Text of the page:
I ate with some satisfaction(1) and complimented the cook(2), telling her how perfect her cooking was(3).

In order:

(1) main clause capable of standing on its own two feet and forging an independent and high-flying career: just insert a full stop and check it for yourself.

(2) subordinate clause which borrows the subject of (1) to make sense: the conjunction and is enough to make the link in our heads: no comma needed at all. The clause hasn’t got enough information to be a sentence on its own and will always be dependent on mummy or daddy main clause. Bummer.

(3) another subordinate clause needing the reader to mentally connect up the meaning of the first two clauses before making sense: this time, a comma was chosen to make the link, although another conjunction would have done the same job just as well and instead. Here it’s a matter of style, not grammar.

  • Replacing the colon and the semi-colon

Woe to the colon and it’s half-sib, for they are sorely misunderstood and cast out… If you’ve had a good look around this site, you will know that I have an affection for these punctuation marks. What’s more, I was taught how to use them correctly. I might be of the last generation to be able to do so without further specialist tuition. Suffice to say here that without some understanding of the structure of a complex sentence (meaning of main, subordinate, and coordinate clauses and the phrasal structures within) the use of colons and semi-colons will be a mystery to you. That’s not an insult: for most people it’s entirely irrelevant.†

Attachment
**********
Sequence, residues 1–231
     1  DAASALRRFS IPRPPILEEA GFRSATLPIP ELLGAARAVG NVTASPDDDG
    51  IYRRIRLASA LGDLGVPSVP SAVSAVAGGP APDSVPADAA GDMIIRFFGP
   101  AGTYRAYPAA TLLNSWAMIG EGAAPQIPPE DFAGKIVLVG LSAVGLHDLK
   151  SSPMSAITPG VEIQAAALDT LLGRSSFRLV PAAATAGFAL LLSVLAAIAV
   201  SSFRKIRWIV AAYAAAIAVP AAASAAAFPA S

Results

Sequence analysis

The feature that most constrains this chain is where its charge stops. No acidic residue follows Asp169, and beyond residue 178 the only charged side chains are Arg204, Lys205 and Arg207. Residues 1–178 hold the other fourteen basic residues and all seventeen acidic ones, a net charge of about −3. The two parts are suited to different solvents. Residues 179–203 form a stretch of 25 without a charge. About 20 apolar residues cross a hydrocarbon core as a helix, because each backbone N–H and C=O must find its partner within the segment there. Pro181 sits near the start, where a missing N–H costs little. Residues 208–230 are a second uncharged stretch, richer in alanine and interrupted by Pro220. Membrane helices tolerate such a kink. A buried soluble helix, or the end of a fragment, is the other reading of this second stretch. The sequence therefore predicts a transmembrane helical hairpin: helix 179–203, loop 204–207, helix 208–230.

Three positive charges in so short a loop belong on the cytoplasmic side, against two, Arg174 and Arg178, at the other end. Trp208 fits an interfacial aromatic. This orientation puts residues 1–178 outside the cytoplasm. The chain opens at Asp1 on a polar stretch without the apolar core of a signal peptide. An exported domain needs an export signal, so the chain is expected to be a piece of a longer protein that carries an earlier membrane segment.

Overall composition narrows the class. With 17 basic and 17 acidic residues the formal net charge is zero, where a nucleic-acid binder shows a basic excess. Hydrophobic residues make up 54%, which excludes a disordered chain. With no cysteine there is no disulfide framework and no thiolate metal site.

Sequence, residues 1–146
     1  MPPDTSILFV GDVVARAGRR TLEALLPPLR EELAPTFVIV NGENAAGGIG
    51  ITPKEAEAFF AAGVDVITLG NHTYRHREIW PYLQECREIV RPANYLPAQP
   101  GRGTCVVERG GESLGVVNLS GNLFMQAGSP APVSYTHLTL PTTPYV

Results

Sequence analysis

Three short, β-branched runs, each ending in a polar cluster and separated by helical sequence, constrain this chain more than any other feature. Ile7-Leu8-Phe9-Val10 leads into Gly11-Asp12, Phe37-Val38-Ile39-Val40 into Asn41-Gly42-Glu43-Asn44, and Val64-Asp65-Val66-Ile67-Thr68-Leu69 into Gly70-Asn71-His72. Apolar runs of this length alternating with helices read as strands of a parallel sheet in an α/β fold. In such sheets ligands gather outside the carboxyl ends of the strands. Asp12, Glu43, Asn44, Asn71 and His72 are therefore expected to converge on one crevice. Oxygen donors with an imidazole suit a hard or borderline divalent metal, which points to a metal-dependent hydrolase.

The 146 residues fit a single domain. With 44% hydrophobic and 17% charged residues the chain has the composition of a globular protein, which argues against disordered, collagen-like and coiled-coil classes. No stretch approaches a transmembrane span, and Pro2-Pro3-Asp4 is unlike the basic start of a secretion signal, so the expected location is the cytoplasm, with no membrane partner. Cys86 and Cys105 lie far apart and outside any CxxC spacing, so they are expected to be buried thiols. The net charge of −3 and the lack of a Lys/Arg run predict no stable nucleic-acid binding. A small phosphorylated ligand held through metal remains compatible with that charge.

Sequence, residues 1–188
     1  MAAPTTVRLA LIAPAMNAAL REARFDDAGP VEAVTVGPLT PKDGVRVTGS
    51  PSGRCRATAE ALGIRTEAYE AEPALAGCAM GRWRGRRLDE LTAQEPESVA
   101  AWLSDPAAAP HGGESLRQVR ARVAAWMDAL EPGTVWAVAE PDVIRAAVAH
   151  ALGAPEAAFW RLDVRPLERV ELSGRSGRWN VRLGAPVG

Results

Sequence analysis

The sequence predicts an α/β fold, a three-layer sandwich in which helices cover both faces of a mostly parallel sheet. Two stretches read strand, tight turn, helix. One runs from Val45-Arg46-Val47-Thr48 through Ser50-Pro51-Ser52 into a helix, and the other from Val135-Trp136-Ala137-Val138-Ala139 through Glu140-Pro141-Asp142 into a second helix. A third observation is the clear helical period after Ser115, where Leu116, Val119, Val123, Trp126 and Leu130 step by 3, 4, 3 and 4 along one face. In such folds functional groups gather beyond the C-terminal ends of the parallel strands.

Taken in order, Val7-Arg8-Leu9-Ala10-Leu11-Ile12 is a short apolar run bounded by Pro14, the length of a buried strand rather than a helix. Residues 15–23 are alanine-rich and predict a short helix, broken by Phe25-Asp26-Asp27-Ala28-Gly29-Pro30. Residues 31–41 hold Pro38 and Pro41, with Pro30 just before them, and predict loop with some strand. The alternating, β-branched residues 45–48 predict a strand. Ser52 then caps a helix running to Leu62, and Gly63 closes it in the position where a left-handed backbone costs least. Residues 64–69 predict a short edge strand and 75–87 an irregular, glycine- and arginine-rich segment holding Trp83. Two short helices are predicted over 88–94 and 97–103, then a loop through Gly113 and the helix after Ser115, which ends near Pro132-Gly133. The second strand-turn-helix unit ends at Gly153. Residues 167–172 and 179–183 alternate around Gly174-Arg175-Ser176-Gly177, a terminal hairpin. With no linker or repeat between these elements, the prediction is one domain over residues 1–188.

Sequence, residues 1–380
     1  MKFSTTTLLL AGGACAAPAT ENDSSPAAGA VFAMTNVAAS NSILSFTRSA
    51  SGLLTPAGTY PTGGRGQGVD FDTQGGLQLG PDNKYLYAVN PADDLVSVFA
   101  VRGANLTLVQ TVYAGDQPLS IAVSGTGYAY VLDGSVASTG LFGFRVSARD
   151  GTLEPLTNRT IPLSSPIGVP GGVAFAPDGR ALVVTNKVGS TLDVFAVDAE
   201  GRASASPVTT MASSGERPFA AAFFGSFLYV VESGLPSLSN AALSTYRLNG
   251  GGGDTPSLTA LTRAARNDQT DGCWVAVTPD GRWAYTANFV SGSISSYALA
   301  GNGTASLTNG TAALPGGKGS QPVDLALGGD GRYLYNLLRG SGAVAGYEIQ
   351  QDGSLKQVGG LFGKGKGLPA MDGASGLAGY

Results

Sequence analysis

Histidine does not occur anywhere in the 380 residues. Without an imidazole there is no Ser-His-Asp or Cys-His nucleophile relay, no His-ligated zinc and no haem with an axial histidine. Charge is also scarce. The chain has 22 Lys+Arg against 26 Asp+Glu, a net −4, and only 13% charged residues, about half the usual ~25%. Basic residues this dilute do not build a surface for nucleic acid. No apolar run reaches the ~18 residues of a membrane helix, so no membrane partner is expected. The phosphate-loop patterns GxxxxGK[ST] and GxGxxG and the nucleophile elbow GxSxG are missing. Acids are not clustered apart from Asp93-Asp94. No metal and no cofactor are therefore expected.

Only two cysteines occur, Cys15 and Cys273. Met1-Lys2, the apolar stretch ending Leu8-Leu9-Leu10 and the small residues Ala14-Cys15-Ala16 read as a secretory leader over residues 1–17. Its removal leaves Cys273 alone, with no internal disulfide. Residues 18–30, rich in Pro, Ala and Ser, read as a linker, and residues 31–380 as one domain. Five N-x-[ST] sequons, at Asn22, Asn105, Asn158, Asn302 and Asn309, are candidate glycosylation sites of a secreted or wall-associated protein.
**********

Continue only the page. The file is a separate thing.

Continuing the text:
Because there is no longer any point in bothering to unravel grammatical structure, it has become acceptable to replace colons and semis with commas. I’m mostly okay with that, provided that writers don’t overreach themselves by writing long, complex sentences which are invariably badly-punctuated because they don’t understand the complexity they are dealing with. One only has to look at how newspaper articles are now written – paragraphs are commonly one sentence – to see the trend. Short sentences require less punctuation. The chances of making a mistake diminish in proportion to the number of words. Stylistically inelegant as it may be, and an affront to the rhetoricians in our past shared history, it is nevertheless an acceptable solution to a tricky problem. Be clear. Be brief. Be sparse in punctuation and use any internal punctuation sparingly, especially the comma. If in doubt, leave it out: you’ll make fewer mistakes that way.

 

*What – you expected me to apostrophize, as in “comma’d”? Or to plunge heedlessly on with “commaed”? Nothng that ugly on this website, Buddy. I’d sooner make it up as I go along and have something I can live with at the end of the day.
† Just to say, go and read some 19thC writers and boggle at the sheer length and complexity of their sentences. I swear that I once read a bewildering Charles Dickens sentence that went on for more than a page before the full stop sauntered into view and ended the mental agony. They had the learning then, right enough, but could they tweet or Facebook?